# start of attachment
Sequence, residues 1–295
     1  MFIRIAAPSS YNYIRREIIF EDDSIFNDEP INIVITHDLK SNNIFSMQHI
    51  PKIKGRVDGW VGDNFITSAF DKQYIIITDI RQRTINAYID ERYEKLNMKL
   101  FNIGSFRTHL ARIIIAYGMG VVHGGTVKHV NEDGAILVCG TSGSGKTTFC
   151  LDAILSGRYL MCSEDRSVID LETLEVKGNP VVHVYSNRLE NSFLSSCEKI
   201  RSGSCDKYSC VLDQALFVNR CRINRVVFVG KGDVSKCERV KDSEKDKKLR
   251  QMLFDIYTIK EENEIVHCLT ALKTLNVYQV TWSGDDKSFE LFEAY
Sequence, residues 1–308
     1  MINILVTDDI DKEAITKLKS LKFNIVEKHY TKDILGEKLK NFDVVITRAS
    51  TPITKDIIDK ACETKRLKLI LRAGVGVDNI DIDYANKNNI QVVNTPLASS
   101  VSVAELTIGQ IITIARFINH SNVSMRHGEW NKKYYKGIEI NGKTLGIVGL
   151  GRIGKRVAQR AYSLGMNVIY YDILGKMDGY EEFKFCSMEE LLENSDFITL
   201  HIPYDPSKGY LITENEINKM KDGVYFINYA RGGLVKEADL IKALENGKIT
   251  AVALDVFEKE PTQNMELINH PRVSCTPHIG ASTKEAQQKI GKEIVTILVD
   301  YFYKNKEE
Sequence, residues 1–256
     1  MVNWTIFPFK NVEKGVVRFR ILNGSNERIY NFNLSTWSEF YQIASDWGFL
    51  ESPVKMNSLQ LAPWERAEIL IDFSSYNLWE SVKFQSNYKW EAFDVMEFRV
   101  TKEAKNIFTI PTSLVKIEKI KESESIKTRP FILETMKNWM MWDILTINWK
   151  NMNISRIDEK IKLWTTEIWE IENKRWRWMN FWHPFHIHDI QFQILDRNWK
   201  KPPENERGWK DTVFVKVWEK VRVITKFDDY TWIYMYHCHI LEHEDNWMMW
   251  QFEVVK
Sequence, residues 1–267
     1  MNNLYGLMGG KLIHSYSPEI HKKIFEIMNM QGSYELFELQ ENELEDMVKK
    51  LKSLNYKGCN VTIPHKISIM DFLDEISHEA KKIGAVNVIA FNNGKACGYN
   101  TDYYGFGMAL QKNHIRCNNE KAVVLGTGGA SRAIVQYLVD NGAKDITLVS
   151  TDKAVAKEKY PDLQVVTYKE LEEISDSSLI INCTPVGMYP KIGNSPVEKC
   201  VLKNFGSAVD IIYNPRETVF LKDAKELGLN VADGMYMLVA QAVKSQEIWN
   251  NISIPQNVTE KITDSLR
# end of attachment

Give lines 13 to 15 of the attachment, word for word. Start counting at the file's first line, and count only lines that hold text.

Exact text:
   201  HIPYDPSKGY LITENEINKM KDGVYFINYA RGGLVKEADL IKALENGKIT
   251  AVALDVFEKE PTQNMELINH PRVSCTPHIG ASTKEAQQKI GKEIVTILVD
   301  YFYKNKEE